Anyhow, what Rolex certainly did NOT do is confirm the “Légion Étrangère” story. They simply acknowledged the customer’s wish not to polish the engraved caseback.
“As per request, we confirm hereby that the watch will not be polished. Additionally, the engraved case back with the mention ‘Légion étrangère’ will not be polished neither.”
The Instagram troll published this excerpt in this form to manipulate his gullible followers into thinking Rolex confirmed the “Légion Étrangère” story by mentioning the engraved caseback but they did NOT! Rolex merely acknowledged the customer’s wish not to polish an engraved caseback. If the caseback was engraved with “No way, Jose!”, they would have mentioned that also.
This is not the first time said troll used Rolex’s acknowledgement of a caseback engraving, e.g. “016 M.N. 75” on a Rolex Submariner Ref. 5513, to proclaim Rolex confirmed a controversial narrative, e.g. the 5513 Marine Nationale story.
People often assume if Rolex accepts a watch for service, the watch must be 100% legit. This example illustrates beautifully that this is NOT necessarily the case. Every year, tens of thousands of Rolex watches are submitted for service. The folks at Rolex do not have the time to inspect every watch down to the last detail and dig in the archives to verify whether a story is real or not. If a watch does not look fake at first glance – like in this particular case or in case of the recently auctioned “Foulbino” Daytona – Rolex will accept to service it. The mere existence of a service estimate letter, however, is no guarantee that the watch – or the story attached to it – is real. Rolex states so themselves:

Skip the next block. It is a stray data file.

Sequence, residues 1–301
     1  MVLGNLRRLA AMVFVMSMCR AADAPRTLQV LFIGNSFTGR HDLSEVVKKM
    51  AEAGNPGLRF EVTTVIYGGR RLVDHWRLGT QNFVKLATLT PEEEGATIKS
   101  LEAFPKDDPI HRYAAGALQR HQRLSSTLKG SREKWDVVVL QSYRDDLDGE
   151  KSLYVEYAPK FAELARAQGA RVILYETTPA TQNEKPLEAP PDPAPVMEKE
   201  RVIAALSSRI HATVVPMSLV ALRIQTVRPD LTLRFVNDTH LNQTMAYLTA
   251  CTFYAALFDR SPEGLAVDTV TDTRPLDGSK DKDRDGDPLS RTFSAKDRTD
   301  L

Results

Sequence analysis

“This quote is intended to inform the Client on the price of a service. It does not attest to or guarantee the authenticity of a watch.“
Now you know what a service estimate letter is worth in terms of authenticity of watch. Not much! Dubious dealers have used this loophole for many years to “authenticate” their watches. They bring their pieces to Geneva with no intention whatsoever to have them serviced. All they want is the service estimate letter which they can wave in front of their customers and claim the watch is real as Rolex accepted to service it. I hate to burst your bubble folks but Rolex is smarter than you think.
When I first heard about this watch it did not immediately capture my interest. Only when I realized how this case is linked to the Foulbino Daytona story and a much bigger picture, I became aware of its importance. The counterfeiters have found a loophole in Rolex’s overhaul service and are trying to exploit it to their full advantage.
Read more: Return To The Planet Of The Fakes: “Albino” Daytona Made In Tuscany
Thank you for your interest.